Los Angeles

Kim Fisher

China Art Objects

Kim Fisher has always been explicitly invested in fashion and its inevitable intertwining with that other elite pursuit, “advanced” art: Her earliest exhibited paintings replicated the signature color and typography of Tiffany bags. She followed these with a series of canvases that riffed on the logo for André Courrèges, the 1960s designer of the go-go boot and the “moon girl” look. In 2000, she unveiled a series of provocative paintings that featured richly pigmented angular shapes based on beryls, or gemological facets, often augmented with intricate silk-screen images of jewelry, and executed on boisterous supports of raw linen stretched, quite deliberately, on the bias and left partially or fully unattached to the back of stretcher, resulting in a splayed “frame” of surplus linen. These paintings succeeded by exploiting dynamic tensions between structure and ornamentation, as well as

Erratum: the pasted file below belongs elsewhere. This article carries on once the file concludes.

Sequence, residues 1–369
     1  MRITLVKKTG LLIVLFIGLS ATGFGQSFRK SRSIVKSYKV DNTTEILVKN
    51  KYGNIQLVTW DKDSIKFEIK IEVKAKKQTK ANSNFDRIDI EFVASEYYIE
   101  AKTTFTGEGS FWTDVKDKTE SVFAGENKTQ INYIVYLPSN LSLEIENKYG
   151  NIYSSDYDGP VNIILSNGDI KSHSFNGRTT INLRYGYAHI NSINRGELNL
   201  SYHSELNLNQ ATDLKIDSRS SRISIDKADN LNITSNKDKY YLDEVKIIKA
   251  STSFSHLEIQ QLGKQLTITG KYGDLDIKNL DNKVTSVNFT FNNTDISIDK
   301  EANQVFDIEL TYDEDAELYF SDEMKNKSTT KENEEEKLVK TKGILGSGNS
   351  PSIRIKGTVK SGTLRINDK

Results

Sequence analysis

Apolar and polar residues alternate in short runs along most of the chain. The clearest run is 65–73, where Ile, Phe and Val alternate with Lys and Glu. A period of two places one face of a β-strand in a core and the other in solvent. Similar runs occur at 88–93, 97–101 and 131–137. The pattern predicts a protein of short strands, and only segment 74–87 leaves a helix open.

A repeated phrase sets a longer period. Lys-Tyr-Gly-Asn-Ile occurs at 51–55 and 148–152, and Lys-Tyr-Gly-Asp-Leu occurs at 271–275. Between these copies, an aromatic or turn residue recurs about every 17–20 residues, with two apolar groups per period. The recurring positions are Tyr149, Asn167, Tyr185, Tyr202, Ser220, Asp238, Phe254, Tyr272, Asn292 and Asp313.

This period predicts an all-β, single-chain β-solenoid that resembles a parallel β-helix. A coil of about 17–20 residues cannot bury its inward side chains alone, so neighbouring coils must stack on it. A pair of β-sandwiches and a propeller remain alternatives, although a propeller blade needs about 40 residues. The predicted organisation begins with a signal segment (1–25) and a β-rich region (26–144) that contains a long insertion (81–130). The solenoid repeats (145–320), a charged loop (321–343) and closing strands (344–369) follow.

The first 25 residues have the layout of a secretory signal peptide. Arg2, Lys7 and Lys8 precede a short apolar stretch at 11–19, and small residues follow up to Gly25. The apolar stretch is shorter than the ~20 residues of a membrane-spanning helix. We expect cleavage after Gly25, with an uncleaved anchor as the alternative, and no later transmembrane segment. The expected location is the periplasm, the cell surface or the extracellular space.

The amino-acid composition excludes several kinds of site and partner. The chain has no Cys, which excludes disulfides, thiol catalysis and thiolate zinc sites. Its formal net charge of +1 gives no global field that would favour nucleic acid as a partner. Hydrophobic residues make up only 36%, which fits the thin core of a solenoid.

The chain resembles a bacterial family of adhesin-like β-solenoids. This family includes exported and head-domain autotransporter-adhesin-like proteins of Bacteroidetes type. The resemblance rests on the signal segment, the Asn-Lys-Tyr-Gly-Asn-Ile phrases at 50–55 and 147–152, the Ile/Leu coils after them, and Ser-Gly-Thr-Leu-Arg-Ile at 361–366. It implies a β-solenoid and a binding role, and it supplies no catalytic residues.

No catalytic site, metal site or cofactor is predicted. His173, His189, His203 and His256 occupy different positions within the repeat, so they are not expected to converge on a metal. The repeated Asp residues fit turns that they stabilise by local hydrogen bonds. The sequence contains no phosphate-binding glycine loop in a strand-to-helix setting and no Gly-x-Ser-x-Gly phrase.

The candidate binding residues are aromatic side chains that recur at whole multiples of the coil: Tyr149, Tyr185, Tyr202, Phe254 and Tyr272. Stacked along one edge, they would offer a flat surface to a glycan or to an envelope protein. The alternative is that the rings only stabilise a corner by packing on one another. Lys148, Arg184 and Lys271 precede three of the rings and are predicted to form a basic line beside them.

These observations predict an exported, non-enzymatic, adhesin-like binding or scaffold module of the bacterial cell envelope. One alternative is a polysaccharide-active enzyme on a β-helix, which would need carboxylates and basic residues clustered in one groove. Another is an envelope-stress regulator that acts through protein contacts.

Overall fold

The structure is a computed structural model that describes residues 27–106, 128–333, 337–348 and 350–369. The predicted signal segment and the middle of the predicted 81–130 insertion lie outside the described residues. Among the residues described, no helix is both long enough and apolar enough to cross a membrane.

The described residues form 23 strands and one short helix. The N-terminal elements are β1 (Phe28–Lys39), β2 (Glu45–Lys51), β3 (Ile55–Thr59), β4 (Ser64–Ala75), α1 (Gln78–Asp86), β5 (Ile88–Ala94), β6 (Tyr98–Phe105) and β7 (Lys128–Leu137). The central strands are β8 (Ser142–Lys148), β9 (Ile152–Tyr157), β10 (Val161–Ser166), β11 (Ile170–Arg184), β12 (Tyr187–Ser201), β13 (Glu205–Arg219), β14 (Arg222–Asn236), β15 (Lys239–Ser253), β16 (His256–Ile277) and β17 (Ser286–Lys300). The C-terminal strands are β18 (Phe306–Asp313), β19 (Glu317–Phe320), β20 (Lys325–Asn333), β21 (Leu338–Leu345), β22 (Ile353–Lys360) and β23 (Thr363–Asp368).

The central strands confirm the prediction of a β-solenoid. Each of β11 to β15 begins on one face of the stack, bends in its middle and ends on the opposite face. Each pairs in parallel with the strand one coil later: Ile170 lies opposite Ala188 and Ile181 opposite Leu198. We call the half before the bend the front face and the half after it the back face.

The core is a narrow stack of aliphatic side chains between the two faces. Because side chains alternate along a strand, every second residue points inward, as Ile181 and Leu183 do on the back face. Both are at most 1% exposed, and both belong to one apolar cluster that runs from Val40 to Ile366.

to keep reading

Artforum print subscribers have full access to this article. If you are a subscriber, sign in below.

Not registered for artforum.com? Register here.

SUBSCRIBE NOW for only $50 a year—65% off the newsstand price—and receive the print magazine plus full online access to this issue and our archive.*

Order the PRINT EDITION of the September 2007 issue for $17 or the ONLINE EDITION for $5.99.

* This rate applies to U.S. domestic subscriptions.